The Past Few Months: Misadventures and Motivation
Hello there, blogosphere. It’s been awhile since I’ve spent any time here and to be honest, for awhile I’ve been questioning if I would come back to blogging after being away for so long. But here it is, my first blog post in almost five months. I wish I could say I had a good reason for my absence, like I’ve been overwhelmed with work or I’ve been too busy doing important personal projects or even that I’ve acquired a boyfriend who consumes all of my time but sadly, none of these are true. In fact, I’ve just been lazy and unmotivated.
But let’s come back to that in a little bit. Because while none of those previous excuses are true, I have had the chance to do some pretty cool things that have taken up some of my time. Way back in October, I went to Shanghai to watch the Grand Prix Cup of China (a figure skating competition, for all of you non-figure skating lovers). It was my first time attending an international skating event and it was absolute bliss for me to get to see some amazing skaters from around the world perform, including Olympic champion Yuzuru Hanyu. I even got my five seconds of fame when the crowd cameras captured me bashfully hiding behind my hand at the end of Alexei Bychenko’s free skate (jump to 5:22) and it ended up on US television. The whole experience made me really miss the feeling of the ice under my blades. While I still won’t get my full skating fix until July when I come back to the states, I luckily get to attend another competition in just a few weeks when the ISU World Figure Skating Championships will be in Shanghai!
In December I had three weeks off of work for Christmas holiday, so I took that time to travel somewhere other than Shanghai. I first went to Seoul and Busan in South Korea and had an amazing time, despite getting food poisoning right before I went. I did a lot of sightseeing around the two cities and spent a lot of time with my friend Sue who showed me around her beautiful country. I also went skiing, ate lots of chicken, and drank some soju. While I spent Christmas eve and Christmas day quietly in Suzhou, I celebrated New Year’s Eve in Shanghai with my lovely friends Cassie and Nate who always take me in, and then I jetted off again to the south of China where I checked out the karst mountains of Guilin and hiked through rice terraces.
After all that, my travels still weren’t over. I had to go back to work for six weeks, but they went fast and I got another two weeks off at the end of February for the Spring Festival. This time my plan was to do all of my traveling in China, but I ended up flying everywhere instead of taking trains because everyone in China travels for the New Year (it’s the holiday that everyone goes back to their hometowns to be with family) and it was impossible to get train tickets to the places I wanted to go. The plan was to fly first to Xi’an to see the terracotta warriors, then head to Chengdu to see some pandas and lastly hit up Sanya for a week to lay on the beach.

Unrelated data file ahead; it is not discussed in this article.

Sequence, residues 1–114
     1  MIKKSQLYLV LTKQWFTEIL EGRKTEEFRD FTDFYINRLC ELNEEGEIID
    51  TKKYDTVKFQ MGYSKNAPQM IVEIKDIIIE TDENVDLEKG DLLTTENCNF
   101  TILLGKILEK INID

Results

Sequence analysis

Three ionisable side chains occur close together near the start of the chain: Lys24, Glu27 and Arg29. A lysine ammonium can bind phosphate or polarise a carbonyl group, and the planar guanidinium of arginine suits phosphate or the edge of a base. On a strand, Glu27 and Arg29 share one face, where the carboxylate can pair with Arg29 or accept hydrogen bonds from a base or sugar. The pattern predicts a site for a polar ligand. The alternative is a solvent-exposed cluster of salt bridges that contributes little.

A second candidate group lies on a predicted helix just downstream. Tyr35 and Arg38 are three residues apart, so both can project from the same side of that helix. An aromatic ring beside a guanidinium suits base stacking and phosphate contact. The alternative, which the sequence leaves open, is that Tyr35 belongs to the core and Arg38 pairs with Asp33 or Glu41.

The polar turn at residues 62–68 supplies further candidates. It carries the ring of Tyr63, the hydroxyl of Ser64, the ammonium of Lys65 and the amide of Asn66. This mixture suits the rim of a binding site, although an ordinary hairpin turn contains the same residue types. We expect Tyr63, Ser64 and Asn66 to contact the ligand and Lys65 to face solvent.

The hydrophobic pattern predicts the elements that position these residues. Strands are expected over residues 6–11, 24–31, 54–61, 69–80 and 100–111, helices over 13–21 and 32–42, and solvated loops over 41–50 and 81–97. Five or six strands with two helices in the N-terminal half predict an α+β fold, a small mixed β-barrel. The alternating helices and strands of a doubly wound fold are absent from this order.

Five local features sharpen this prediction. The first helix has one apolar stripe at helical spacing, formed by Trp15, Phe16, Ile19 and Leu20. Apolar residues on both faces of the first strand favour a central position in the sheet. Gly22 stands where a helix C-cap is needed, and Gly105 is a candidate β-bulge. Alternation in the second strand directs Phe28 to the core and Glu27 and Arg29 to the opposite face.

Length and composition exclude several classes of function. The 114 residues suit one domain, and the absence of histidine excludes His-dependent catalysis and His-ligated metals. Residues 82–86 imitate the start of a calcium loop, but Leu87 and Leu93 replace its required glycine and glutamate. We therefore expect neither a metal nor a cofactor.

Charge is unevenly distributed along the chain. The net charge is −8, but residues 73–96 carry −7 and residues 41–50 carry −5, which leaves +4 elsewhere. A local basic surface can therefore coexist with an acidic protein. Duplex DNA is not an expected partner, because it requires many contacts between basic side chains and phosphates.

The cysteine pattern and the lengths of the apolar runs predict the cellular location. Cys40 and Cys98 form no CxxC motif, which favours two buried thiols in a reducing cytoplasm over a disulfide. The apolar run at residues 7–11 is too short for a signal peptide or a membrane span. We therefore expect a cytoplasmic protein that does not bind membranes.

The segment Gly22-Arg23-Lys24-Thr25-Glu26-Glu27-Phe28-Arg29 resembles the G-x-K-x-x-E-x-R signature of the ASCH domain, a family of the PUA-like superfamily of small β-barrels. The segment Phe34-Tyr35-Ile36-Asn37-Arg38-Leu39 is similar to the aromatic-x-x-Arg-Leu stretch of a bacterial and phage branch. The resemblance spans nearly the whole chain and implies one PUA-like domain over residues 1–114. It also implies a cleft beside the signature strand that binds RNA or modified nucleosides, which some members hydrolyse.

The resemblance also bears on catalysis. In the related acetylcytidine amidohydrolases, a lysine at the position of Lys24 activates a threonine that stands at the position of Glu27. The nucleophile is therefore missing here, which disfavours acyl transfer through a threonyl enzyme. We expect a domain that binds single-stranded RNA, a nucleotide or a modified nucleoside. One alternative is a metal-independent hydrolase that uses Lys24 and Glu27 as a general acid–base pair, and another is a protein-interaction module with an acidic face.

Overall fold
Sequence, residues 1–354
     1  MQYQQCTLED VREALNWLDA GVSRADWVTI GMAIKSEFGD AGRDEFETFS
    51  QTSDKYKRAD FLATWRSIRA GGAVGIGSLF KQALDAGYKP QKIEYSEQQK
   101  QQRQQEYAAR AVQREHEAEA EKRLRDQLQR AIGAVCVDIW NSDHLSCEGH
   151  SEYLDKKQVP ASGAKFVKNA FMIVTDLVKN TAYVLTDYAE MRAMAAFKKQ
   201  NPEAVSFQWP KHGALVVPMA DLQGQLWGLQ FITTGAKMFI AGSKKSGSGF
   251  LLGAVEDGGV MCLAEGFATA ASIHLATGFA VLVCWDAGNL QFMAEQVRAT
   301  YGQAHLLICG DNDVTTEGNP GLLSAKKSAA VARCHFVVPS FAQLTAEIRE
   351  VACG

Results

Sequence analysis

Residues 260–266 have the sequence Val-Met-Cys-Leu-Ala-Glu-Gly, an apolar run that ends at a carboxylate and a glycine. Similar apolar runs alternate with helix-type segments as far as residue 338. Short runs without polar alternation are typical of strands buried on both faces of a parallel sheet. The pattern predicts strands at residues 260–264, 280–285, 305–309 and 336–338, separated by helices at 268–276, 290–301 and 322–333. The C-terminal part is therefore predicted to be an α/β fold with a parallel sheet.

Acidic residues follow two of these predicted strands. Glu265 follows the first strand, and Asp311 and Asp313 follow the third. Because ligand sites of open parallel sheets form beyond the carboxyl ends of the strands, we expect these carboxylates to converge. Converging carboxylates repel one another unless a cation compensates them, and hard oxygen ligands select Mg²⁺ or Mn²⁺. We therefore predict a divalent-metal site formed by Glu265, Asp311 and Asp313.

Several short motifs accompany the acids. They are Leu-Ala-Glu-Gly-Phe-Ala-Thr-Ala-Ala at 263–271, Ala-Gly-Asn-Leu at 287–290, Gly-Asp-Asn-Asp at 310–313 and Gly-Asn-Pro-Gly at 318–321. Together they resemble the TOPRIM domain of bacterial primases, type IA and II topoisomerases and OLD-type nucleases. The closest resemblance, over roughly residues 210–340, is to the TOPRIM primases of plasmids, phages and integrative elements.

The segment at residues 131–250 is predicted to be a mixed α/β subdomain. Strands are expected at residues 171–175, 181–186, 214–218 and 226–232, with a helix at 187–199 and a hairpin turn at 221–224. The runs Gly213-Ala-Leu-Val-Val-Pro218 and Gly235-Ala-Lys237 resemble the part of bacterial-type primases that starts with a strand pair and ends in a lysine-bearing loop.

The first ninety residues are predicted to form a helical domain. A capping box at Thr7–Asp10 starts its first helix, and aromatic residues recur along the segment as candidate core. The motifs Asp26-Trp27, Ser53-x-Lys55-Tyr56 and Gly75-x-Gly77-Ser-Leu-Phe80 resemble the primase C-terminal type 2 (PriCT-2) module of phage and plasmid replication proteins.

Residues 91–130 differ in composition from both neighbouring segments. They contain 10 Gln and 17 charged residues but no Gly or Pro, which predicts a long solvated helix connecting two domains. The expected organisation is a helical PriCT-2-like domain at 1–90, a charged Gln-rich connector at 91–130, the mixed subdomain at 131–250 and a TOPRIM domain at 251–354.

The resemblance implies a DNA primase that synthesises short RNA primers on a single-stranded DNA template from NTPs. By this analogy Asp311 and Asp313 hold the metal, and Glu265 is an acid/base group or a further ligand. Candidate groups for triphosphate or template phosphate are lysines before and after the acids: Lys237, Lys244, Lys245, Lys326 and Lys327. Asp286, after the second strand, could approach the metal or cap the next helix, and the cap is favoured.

This is probably my best China story so far, so let me apologize beforehand for how much detail I’m about to share with you. When I originally planned this trip and booked all my flights, I also booked a bus ticket that would take me straight to the Shanghai Pudong airport. Suzhou, while being a very large city, does not have their own airport. This means I usually travel to Shanghai the night before, stay in Shanghai, and then fly out the next day. However I thought that this time since my flight was in the afternoon it would be easy enough to get a bus that same day and wouldn’t have to also mess with the Shanghai metro. The night before I was to set out on my journey, I got a nice shock when I realized that I was actually supposed to be flying out of the Shanghai Hongqiao airport, not Pudong. Great. Luckily I had realized this the day before and there was still time to fix this mistake, so I headed to the bus station, communicated with my poor Chinese and hand gestures, and was able to switch my ticket. Proud of myself, I went home and then woke up at 5 am the next morning to begin my journey.
I got on my bus at 7:20 and quickly fell asleep. The bus ride to Hongqiao should have been only about 1.5 hours, but since I was so tired I wasn’t really keeping track of the time. And it didn’t occur to me that something was wrong even after 2 hours and the bus took a pit stop. It was only 2.5 hours into the ride that I got that awful sinking feeling in the pit of my stomach as we drove past a sign pointing towards Hangzhou. As in, the city of Hangzhou, which is NOT a Shanghai airport. At this point I literally went into shock. After a 3 hour bus ride it was now 10:20 and my flight was in 2 hours. What could I do? Was there any possible way to get to Shanghai to make my flight? I knew nothing about Hangzhou, I had no maps and no concept about the relation of the bus station to any train stations or even the distance from Hangzhou to Shanghai, and of course the data on my phone chose not to work at this exact moment (thank you, China Mobile). So after about 5 minutes of panicking, I did the only reasonable thing I could think of in the moment. I went straight back into the station, bought a bus ticket to Shanghai and got right back on another bus.